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Aerodynamics of Airplanes and Design

written by: Vin Reyes•edited by: Rebecca Scudder•updated: 12/22/2010

The aerodynamics of airplanes and design will all depend on the type of aircraft and the intended use. It is safe to say that aeronautical engineers design an aircraft depending on situations that will satisfy the overall purpose of the airplane.

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    Airplane Components

    courtesy of Without getting too technical on the details, the fundamentals of airplane aerodynamics are present on the main components of an airplane. These are:

    1. Wings - all airplanes have wings as these enable an aircraft to generate lift.
    2. Fuselage - the fuselage or the body of the aircraft is where the wings are attached and are designed according to the specifications of the airplane.
    3. Empennage - the empennage or tail assembly will most often consist of a fixed vertical stabilizer, movable rudder, horizontal stabilizer and a hinged movable elevator. All of these parts are designed to efficiently control the pitch and yaw movement of the airplane.
    4. Powerplant - the powerplant or the engine provides power and thrust.
    5. Landing gear - even though an airplane was designed to fly, provisions must be made for varios ground operations such as taxiing, take off and landing.

    The aerodynamics of airplanes and design components are precision engineered to enable a safe and efficient flight. Notice that almost all of the parts of a normal airplane are similarly shaped like an airfoil. This will allow the airplane to slice the wind with the least amount of resistance.

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    Airplane Design

    courtesy of Like the latest top of the line performance supercar, an airplane is designed to be as efficient as possible in terms of aerodynamics. A flying aircraft is subjected to the same forces of gravity, wind direction, air and pressure.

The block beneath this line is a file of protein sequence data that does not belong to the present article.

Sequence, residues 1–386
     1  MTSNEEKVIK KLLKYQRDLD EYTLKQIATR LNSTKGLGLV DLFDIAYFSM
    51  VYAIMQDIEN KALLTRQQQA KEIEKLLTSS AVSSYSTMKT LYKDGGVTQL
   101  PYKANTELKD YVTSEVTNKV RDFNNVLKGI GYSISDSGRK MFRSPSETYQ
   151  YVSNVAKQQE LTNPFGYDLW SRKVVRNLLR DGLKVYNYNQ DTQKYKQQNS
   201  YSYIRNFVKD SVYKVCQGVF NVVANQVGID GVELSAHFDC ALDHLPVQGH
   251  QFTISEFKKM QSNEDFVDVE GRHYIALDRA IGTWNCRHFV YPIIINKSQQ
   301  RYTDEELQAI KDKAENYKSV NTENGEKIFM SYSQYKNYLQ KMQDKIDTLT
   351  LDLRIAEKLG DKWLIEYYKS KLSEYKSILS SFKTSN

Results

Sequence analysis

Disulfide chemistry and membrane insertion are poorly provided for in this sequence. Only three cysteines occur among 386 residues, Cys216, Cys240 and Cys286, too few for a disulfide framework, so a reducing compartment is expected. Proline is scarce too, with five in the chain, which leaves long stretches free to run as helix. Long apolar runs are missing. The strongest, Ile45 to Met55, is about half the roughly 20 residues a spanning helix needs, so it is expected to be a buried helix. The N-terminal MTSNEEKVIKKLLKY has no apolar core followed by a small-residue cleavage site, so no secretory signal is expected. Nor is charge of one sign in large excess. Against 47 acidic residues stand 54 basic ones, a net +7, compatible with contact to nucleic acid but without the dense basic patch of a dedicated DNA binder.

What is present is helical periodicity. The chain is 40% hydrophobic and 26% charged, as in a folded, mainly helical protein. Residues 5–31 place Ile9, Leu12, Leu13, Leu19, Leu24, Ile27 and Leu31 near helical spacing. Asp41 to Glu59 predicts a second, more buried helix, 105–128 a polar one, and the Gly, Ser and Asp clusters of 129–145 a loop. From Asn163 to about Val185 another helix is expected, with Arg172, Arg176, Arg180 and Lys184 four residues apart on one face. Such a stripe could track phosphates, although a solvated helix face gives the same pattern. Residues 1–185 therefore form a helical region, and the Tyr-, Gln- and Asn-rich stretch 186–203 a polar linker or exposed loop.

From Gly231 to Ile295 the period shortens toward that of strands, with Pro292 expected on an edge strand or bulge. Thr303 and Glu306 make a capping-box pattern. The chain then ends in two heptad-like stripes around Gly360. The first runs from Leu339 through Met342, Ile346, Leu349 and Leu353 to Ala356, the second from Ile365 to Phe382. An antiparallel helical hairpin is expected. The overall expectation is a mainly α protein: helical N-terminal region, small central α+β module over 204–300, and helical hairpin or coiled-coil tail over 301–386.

The aerodynamics of airplanes design will focus on the kind and purpose of the aircraft. With that being said, all the airplane components stated above will be specifically designed according to the type of aircraft.

    Commercial airplanes such as the Boeing 747 "jumbo jet" have large wingspans to generate modest amounts of lift. This is further complemented by the large engines to produce adequate amounts of power to produce lift. Since the Boeing 747 was designed to carry tons of passengers and cargo, the wings and the engine would have to be proportional to the amount of weight it was designed to carry. This will enable the aircraft to efficiently lift off the ground and cruise through the atmosphere.

    image courtesy of Military jets such as the state-of-the-art F-22 Raptor have smaller wings (compared to a commercial aircraft) but are in proportion to the body or fuselage of the aircraft. You might notice that the Raptor has a different shape compared to conventional airplanes as this was primarily designed for stealth. The wings are a modified delta-wing design that were designed both to produce lift and enable the aircraft to travel at supersonic speeds (faster than the speed of sound.)

    The engine or powerplant is also designed according to the capacity of the aircraft. An engine that is too large or powerful might affect the structural integrity of the aircraft. It may also affect fuel efficiency-thereby reducing the range of the aircraft.